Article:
As changes—both planned for and unanticipated—manifest in the higher education landscape, institutions can also help prepare themselves by putting in place strong partnerships with their libraries and academic presses. MIT Press director Amy Brand talked about the ongoing need to expand access to material and the fact that students are hungry for multiple platforms, noting that the press’s biggest seller is a print textbook that is also available online. Not only do university presses need to address issues of affordability and discoverability these days, she said, but they should look at expanding access to non-academic audiences as well—and that academic publishers need to move past the binary thinking inherent in the idea that because open access is good, publishers are bad. There is a tension, she noted, between the press’s independence and success without any kind of endowment, and the growing pressure to publish with no embedded DRM (digital rights management) in order to aid OER initiatives. However, McBride pointed out, OER development requires administrative support, which includes that of academic presses as partners. Jon Cawthorne, dean of libraries at West Virginia University (WVU), discussed ways that the university is looking to expand and strengthen its organizational development—including development of OER and partnership in the Association of College and Research Libraries’ Diversity Alliance, recently profiled as part of LJ’s look at how libraries are growing diversity in their ranks. WVU libraries are also partnering with campus health care initiatives and the university’s human resources department. Cawthorne observed that change and transformation can be terrifying , and that opening channels of communication—and keeping them open—can be highly instrumental in moving change forward. All an institution’s systems need to work together, and the discussions need to happen over time to make them effective. “I’m grateful that I work in a place that folks are open to the conversation,” he added. With strong partnerships in place, as well as innovative thinking around making resources more affordable and programs more accessible to students, higher education’s reach can continue to show the strong innovation and growth that characterized it in the second half of the 20th century—and beyond. When asked by an audience member about potential enrollment limits for GA Tech’s MS-CS program, Isbell didn’t hesitate. “Well,” he answered, “there are only so many people on the planet.”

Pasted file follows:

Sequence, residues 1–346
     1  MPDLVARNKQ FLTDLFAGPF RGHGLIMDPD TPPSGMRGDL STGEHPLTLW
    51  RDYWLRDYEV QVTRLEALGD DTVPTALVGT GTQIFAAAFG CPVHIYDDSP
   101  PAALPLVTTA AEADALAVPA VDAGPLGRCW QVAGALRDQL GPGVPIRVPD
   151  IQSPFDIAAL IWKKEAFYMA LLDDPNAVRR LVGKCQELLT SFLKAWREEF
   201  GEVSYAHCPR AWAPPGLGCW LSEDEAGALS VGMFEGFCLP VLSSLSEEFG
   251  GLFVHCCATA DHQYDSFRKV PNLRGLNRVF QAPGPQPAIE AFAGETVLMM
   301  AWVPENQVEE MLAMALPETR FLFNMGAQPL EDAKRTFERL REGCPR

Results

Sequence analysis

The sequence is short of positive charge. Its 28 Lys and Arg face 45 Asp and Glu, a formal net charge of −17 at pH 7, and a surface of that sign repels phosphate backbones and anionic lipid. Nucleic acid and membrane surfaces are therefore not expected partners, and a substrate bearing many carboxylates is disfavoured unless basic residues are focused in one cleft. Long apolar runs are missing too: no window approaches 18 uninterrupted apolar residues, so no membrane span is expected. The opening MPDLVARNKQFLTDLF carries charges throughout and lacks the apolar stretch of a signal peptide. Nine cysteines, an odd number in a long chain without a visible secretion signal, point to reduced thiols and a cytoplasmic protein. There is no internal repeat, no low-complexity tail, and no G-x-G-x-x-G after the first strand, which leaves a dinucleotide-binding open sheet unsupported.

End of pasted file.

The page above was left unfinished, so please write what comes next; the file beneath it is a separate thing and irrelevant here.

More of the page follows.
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Marie M. Octobre

ITHAKA’s Next Wave: How Macro Changes in Higher Ed Shape Strategy It is great that “ITHAKA” addressed this issue in their next wave conference, “The Bigger Picture: How Macro Changes in Higher Education Should Shape Your Strategy.” OER's are some of the free resources that not many educators 'are not' taking advantaged of even though they are peer reviewed. Let us hope that this conference will have open the door to more faculty sharing these peer review OER sources with their students.

Posted : Dec 21, 2016 04:02